Famous Arts and Crafts Movement Buildings

List of famous buildings in the Arts and Crafts movement movement, listed alphabetically with photos when available. This list of Arts and Crafts movement buildings, structures and monuments includes information like what city the structure is in, and when it was first opened to the public. There are a lot of historic Arts and Crafts movement structures around the world, so why not save some money and check them out here without having to pay for travel? These popular Arts and Crafts movement buildings attract visitors from all over the world, so if you're ever near them you should definitely pay them a visit. List features items like Gamble House and Francis J. Woolley House.

This list is a great source for answering the questions, "What are the most famous Arts and Crafts movement buildings?" and "What do Arts and Crafts movement buildings look like?"

    • Opened: Jan 01 1875
    • Created By: Richard Norman Shaw
    • Style: Arts and Crafts movement
  • Additions to Mothercombe House, Plymouth

    • Opened: Jan 01 1926
    • City/Town: Plymouth,United Kingdom,England,Devon,South West England
    • Created By: Edwin Lutyens
    • Style: Arts and Crafts movement
    • Opened: Jan 01 1897
    • City/Town: Australia
    • Floors: 5
    • Created By: Andrew Andersons, John Horbury Hunt, Walter Liberty Vernon, Richard Johnson
    • Style: Neoclassicism, Arts and Crafts movement, Classical architecture
  • Avon Old Farms School is a prestigious single-sex boarding school for boys located in Avon, Connecticut. It was founded by Theodate Pope Riddle. It opened in 1927 and closed for a period during World War II to serve as a convalescent hospital for blind veterans. The current headmaster is Kenneth H. LaRocque. Avon Old Farms is in the Founders League. Avon Old Farms alumni include musician Kristian Bush, Ambassador Stuart Holliday, folk singer Pete Seeger, NHL player Jonathan Quick, former NHL player Brian Leetch, NFL running back Michael Cox, and former MLB player Juan Nieves.
    • Opened: Jan 01 1927
    • Created By: Theodate Pope Riddle
    • Style: Arts and Crafts movement, Tudor style architecture, English Cotswold
  • Black Clauchrie House

    Black Clauchrie House is a late Victorian manor house, located on the outskirts of the village of Barrhill in South Ayrshire, Scotland, adjacent to the Galloway Forest Park. It is protected as a category C listed building. It was originally built as a hunting lodge between 1898 and 1901 in the Arts and Crafts style for Robert David Jardine Mein-Austin and his wife Flora. The house was designed by the Ayrshire-based architect James K. Hunter. Some of its features include a wood-beamed glass house, a ballroom and a minstrels' gallery. Some of the house was taken down by owners Richard Akerman and Yvonne Hawker before 2003. Originally part of a 7,500-acre estate, it is now set in 14 acres of ...more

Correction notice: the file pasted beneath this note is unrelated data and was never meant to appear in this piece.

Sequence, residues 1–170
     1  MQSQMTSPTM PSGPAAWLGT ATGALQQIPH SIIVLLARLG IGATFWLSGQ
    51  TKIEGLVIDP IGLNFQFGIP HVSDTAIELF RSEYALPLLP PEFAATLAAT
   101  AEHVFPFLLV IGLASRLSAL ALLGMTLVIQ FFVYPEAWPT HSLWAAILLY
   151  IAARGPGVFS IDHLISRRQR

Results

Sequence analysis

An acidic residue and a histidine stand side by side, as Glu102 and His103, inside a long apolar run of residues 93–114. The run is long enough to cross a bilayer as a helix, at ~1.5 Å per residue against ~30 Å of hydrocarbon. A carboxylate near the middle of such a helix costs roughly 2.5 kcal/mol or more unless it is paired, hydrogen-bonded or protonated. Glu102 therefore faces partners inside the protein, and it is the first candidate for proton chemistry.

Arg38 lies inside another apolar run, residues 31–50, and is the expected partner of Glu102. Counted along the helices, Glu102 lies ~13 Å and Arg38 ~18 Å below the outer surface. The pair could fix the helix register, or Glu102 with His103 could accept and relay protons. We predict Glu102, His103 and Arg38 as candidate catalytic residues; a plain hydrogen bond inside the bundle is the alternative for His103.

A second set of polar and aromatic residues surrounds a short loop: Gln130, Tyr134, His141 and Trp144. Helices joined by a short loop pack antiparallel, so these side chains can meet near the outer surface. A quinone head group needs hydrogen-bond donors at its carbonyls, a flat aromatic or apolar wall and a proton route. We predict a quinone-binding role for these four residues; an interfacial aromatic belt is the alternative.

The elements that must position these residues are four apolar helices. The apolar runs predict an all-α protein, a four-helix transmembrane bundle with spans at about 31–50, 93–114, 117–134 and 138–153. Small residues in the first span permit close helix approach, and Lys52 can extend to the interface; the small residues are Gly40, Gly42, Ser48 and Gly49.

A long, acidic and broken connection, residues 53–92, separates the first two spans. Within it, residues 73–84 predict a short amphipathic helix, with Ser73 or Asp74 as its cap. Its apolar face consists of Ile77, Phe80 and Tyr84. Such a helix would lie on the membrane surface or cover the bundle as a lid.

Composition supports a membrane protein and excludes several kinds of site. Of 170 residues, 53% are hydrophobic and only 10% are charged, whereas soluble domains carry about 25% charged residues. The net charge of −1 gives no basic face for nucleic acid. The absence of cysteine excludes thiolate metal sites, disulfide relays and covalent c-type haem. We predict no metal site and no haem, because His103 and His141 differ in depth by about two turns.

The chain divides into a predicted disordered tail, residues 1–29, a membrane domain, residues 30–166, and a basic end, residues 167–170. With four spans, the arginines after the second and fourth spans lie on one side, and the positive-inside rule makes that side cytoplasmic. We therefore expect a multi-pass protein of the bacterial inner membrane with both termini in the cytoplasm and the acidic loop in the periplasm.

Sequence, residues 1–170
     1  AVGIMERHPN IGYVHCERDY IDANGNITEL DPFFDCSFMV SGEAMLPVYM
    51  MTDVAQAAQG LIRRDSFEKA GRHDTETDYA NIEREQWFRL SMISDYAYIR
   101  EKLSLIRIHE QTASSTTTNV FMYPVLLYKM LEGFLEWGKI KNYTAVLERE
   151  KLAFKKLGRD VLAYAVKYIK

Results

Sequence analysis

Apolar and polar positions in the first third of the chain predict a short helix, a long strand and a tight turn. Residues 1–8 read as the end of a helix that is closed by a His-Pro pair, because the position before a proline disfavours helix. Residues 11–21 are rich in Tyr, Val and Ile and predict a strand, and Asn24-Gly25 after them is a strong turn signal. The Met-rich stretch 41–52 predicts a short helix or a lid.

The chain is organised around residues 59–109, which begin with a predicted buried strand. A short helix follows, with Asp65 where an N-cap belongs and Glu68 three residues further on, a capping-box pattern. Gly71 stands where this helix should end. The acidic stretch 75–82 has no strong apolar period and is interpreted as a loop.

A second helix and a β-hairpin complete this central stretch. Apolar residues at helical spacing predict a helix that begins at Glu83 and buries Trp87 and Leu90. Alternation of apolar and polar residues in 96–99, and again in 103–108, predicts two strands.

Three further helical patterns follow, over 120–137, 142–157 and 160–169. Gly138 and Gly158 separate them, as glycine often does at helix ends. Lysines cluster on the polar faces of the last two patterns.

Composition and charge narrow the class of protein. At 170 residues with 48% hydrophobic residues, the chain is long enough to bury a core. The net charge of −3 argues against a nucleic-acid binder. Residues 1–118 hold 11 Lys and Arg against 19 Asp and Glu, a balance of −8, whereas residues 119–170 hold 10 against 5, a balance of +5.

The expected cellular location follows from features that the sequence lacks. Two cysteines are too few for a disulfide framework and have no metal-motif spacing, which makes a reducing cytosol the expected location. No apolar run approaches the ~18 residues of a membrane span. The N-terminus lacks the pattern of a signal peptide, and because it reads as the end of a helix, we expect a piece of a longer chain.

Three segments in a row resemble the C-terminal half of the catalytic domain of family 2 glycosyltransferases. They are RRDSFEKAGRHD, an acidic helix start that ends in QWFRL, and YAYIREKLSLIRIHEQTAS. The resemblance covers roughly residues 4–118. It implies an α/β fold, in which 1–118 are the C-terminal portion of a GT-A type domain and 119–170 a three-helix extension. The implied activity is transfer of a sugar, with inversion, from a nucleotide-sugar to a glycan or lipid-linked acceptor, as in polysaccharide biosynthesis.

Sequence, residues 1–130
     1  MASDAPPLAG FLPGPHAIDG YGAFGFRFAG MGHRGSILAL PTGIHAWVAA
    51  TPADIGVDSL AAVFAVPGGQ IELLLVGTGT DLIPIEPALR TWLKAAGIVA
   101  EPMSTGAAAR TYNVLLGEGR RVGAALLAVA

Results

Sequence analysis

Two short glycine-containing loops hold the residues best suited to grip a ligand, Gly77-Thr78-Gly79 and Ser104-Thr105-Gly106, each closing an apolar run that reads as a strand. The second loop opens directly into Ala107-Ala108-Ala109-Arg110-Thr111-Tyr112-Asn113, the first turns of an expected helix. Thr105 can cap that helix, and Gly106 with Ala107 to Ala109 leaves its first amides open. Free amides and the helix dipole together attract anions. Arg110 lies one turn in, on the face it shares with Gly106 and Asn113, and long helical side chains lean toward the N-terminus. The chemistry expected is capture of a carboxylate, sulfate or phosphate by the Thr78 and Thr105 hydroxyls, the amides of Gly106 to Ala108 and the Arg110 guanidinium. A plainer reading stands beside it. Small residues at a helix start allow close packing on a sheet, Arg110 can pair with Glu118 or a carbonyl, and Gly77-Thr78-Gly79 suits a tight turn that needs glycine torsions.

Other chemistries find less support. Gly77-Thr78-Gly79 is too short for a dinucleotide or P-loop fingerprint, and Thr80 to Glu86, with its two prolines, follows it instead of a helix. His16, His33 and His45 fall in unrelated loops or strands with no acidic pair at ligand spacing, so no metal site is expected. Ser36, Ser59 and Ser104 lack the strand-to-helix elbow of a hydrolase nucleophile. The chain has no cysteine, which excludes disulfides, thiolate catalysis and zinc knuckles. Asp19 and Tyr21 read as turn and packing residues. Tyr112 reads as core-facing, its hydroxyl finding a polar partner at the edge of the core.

• Opened: Jan 01 1901
    • City/Town: United Kingdom
    • Style: Arts and Crafts movement
  • Broadleys

    Broad Leys is a house located in Ghyll Head, Windermere, Cumbria. It was constructed in 1898 by Charles Voysey for the owners of Kendal Milne, a department store in Manchester. It was constructed in an Arts and Crafts style. In 1951, it was acquired by the Windermere Motor Boat Racing Club and became the home of powerboat racing on Lake Windermere, until the introduction of a 10 mph speed limit in 2005. Since then the Club has retained the house, but has moved its racing programme to Barrow Docks. The building is Grade I listed. It was used as the location for the conclusion of the film The French Lieutenant's Woman and for the Agatha Christie's Poirot television episode "Dumb Witness".
    • Opened: Jan 01 1898
    • City/Town: Windermere, Lake District, United Kingdom
    • Created By: Charles Voysey
    • Style: Arts and Crafts movement